Hybrid Warfare in A Post-Truth Era: A Case Study of Pakistan


  • Muhammad Waqas PhD scholar, Area Study Centre (Russia, China & Central Asia), University of Peshawar
  • Saeeda PhD scholar Area Study Centre (Russia, China & Central Asia), University of Peshawar. Lecturer Jinnah College for Women, University of Peshawar
  • Dr Khalil Ur Rehman Professor, Area Study Centre (Russia, China & Central Asia), University of Peshawar


Hybrid Warfare, Fifth Generation Conflict, Operational Foreign Policy, Narratives, Counter-Narratives, Lawfare, Technological Diffusion, Creative Imagination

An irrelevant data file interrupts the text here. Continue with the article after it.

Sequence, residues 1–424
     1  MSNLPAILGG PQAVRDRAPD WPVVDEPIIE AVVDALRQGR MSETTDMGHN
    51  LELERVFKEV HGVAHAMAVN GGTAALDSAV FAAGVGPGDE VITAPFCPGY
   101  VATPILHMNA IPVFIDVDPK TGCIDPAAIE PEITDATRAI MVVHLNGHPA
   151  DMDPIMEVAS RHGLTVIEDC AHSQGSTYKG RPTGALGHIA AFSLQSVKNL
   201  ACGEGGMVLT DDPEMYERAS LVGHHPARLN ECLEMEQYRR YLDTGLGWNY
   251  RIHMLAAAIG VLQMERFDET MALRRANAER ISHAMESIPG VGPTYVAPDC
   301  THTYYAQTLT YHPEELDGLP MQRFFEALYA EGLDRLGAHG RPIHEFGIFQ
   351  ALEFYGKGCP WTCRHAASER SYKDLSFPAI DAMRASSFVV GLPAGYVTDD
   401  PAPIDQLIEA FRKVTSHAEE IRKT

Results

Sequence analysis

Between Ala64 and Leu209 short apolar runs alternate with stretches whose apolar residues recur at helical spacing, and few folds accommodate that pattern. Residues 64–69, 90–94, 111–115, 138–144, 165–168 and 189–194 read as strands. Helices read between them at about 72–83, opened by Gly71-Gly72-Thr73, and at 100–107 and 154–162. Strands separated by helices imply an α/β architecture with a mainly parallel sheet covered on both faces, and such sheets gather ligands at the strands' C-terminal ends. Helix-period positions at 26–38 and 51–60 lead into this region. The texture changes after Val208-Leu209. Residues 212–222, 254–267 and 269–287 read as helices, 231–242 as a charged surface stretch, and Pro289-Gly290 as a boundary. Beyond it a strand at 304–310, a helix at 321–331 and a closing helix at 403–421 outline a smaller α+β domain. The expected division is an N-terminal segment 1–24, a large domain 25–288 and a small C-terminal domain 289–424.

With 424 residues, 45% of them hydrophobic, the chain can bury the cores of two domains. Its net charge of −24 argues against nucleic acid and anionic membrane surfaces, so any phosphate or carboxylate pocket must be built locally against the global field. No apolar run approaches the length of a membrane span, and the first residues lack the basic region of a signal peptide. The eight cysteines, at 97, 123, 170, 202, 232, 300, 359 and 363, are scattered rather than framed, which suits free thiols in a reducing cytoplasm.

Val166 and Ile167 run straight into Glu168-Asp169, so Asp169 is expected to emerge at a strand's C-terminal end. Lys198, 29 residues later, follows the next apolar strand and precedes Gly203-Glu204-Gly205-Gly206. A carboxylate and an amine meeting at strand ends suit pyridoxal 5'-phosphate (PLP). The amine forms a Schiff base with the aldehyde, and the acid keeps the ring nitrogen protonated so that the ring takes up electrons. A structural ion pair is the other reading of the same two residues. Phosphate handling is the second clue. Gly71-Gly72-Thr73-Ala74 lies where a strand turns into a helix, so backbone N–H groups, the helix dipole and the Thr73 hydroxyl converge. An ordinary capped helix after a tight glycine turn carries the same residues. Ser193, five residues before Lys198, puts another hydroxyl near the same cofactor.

Hybrid warfare is an age-old concept of struggle. The tool-kit in vogue includes narratives, lawfare, viruses, gradual expansion, proxies, surveillance, drones, 5G technologies, economic blackmailing, assassinations, sabotage, subversion, secrecy, surprise, ethnic nationalism, sectarianism, manipulation of intolerance, coercive diplomacy, artificial intelligence, big-data, algorithms and the digital blitzkriegs in the cyber-space. The present context is a post-truth era where emotions prevail creating alternative facts, as opposed to inductive facts. The cognitive process of reasoning revolves around one’s beliefs and not truths. A narcissist control of truth-narrative is central to a crisis of legitimacy. This makes fact-free the contemporary post-truth strategic environment of hybrid warfare, a mixture of conventional and unconventional, plus an analytical construct too. The technological innovations have revolutionized this in an unfamiliar way. The integration of technologies remains. The concept of hybrid warfare resides in a grey-zone between black and white i.e., neither war nor peace. The distinction is blurred. The grey-zone is layered with disinformation, deception, false-narratives and fake-news. The success depends on a cold and logical mind-set in a low-intensity fifth-generation conflict to keep the other off-balance. Operational aims are harmonized with political goals and escalation is avoided. Hybrid warfare is sub-conventional geo-politics that is ambiguous and keeps the targeted perplexed. No response results in tactical defeats, while overplaying a hand ends-up as an irresponsible escalation. Also, information wars have structures that are part of hybrid warfare. Influence operations are directed to influence opinions in a post-truth era. The quality of these is on the rise. Holding one or the other responsible is difficult, not to mention deterring an opponent from playing a hard-ball. For one can escalate or deescalate without being part of it. Hybrid war does not take place in a given time-frame, yet long-term objectives are reached by keeping the pot boiling. Winning it is like winning a marathon that requires grit and resilience. It has emerged as an operational foreign policy instrument among nuclear powers in Eurasia. And an extended South Asia is no exception. Besides, creative imagination acts like a key in the conduct and countering of a hybrid war in a post-truth era. Likewise, a conductor has to be highly imaginative and impersonal to be a winner. Lastly, there is quite an unexplored academic space for the scarcity of literature on the theme. No inductive research has been carried out on the subject as to why Pakistan is not winning and how to win it. Hopefully, this study will be of an academic value for Pakistan which is the target of a hybrid war by India in a post-truth era. The non-experts can take whatever makes them happy, as opposed to a disinterested specialist.